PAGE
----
Pre-Trial Services

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Bail reform has increasingly become an important issue over the past 30 years.  One of the main issues addressed by bail reform advocates is idea of holding criminals suspects in jail pending their trial.  Advocates try to further the philosophy of “innocent until proven guilty,” by ensuring the release of certain suspects until their trial date.

In theory, this seems to be a reasonable approach.  After all, if you are in fact innocent until proven guilty, then why should you be required to sit in a jail cell?  Yet, all things considered, there are some individuals who pose such a threat, that society’s interests are better served by keeping these people behind bars.  These dilemmas are those which Pretrial Service systems attempt to address.   In addition, the programs seek to address alternative placement methods of suspects, including mental health facilities or substance abuse treatment programs.

The Pretrial Service systems, which are a part of the judicial system, use specific methods to determine factors such as the suspects’ danger to society and  the likelihood of showing up at their trial.  Through the commercial bail bonding system, almost anyone could be released on bail, as long as they could afford to post the money.  This system did not address the safety of society.  Also, such a system essentially discriminates against anyone who cannot afford the bond price, yet, are not dangerous criminals.  However, through bail reform, the courts take into consideration factors other than money.

Each system could vary slightly by location, however, the general procedure begins first with an interview process.  Once a suspect has been booked, an officer of the pretrial system conducts and investigation and interview process where they perform a background check and criminal history check.   Once this step is complete, the officer will make a recommendation to the court about whether the defendant should be released.  Factors considered include employment, family, education, residence, length of residence, and criminal history.  These factors help the officer and the court determine the defendants danger to society and the likelihood of them returning to court to attend their trial.  If the factors add to presume that the defendant is a flight risk and/or a danger, then a release likely will not be recommended.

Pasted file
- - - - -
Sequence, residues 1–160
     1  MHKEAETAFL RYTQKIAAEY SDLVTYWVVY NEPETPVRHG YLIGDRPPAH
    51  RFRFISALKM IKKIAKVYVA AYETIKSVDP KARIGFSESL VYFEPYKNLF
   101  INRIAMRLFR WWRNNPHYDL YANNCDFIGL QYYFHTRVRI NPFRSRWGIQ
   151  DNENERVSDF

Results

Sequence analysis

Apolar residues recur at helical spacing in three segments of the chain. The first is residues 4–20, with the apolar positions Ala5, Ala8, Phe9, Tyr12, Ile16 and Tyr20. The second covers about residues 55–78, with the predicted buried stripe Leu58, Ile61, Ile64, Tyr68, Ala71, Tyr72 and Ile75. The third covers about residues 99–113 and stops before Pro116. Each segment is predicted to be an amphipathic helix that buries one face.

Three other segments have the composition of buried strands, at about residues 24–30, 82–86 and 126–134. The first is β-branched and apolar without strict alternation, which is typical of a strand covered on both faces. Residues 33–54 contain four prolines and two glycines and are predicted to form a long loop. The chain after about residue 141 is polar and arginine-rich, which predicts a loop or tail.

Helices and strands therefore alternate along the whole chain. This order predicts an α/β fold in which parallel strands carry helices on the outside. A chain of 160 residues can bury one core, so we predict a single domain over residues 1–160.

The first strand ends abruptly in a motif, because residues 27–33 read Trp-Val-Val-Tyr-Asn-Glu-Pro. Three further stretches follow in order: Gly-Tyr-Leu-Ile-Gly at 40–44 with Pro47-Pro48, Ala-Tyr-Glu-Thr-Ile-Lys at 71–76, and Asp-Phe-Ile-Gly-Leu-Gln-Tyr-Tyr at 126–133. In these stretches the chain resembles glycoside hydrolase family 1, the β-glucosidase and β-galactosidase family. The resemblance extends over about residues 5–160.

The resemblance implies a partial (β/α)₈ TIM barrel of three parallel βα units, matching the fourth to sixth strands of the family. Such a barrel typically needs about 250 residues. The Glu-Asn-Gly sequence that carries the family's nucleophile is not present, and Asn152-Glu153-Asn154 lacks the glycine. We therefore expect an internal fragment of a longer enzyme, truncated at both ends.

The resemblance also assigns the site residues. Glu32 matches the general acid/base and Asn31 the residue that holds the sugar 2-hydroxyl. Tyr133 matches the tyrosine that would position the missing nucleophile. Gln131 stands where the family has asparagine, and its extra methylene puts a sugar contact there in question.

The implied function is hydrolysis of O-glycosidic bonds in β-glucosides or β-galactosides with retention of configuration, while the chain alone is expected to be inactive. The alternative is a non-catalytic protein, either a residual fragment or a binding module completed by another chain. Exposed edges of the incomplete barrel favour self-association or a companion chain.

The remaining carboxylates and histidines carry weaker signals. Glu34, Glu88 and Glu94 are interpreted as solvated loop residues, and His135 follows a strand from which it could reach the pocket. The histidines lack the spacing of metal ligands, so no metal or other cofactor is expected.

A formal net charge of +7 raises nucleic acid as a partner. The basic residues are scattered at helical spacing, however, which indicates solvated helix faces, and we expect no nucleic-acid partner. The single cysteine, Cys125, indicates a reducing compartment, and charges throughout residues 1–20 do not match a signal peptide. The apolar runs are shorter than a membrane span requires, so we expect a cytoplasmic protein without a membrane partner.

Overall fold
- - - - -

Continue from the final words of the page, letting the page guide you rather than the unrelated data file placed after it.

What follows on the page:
If a defendant is released, then an officer will likely supervise them.  This officer ensures that the defendant is not a danger to the community and that they make it to their trial date.  The supervision can include phone calls, visits, and drug testing.

If you would like to know whether your local court has a Pretrial Services system, check their website or contact them.  Visit to find links to websites, online resources, court contact information, and more.

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